One foot in front of the other.
One day at a time.
We all process scary things differently. Whether it’s recovering from major surgery, getting our feet back under us after losing a job, or another attack on the Jewish people right here in the land of the free and the home of the brave.
We are a resilient people. Full stop.
Amanda Gorman, the American Poet who delivered “The Hill We Climb” at last year’s inauguration had her OpEd published in the New York Times this morning, reflecting on how she almost did not make it to the stairs of the Capitol. I’ve pulled the words out of the context in which she wrote them, but their intention hit my core deeply this morning. She wrote:
"I’m a firm believer that often terror is trying to tell us of a force far greater than despair. In this way, I look at fear not as cowardice, but as a call forward, a summons to fight for what we hold dear. And now more than ever, we have every right to be affected, afflicted, affronted.”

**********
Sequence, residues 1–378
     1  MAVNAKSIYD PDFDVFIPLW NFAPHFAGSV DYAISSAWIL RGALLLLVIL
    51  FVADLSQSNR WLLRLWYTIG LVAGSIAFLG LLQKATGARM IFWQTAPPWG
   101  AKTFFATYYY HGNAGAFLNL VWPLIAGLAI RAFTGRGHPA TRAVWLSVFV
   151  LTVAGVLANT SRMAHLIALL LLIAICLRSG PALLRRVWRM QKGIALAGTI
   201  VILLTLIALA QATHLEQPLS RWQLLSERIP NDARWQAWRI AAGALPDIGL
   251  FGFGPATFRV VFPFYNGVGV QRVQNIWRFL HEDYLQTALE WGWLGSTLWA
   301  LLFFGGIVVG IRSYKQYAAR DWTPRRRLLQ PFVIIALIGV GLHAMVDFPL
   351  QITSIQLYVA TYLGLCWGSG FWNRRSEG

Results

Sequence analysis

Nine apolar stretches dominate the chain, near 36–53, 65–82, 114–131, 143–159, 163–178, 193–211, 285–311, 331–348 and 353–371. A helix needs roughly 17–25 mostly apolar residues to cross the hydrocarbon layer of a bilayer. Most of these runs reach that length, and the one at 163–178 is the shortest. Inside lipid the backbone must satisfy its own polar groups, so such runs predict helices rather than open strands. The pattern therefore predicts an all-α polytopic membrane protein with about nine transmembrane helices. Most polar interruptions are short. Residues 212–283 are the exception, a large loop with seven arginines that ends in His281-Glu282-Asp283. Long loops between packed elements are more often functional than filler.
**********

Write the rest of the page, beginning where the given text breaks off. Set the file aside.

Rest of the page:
I believe in the power of prayer to assist us through the process of putting one foot in front of the other. Tradition gives us a template. No matter what we do, no matter what happens, Shabbat begins every Friday night and ends every Saturday night. Let’s use that tradition. Let’s come together. Let’s “hear our call forward to fight for what we hold dear.”*
If you felt any pain, sadness, fear, terror, or anger over the events of last Shabbat, or if you want to come out and support those who did feel this way, then join me in welcoming in Shabbat this Friday night for words of where we go from here.
*NYTimes Article HERE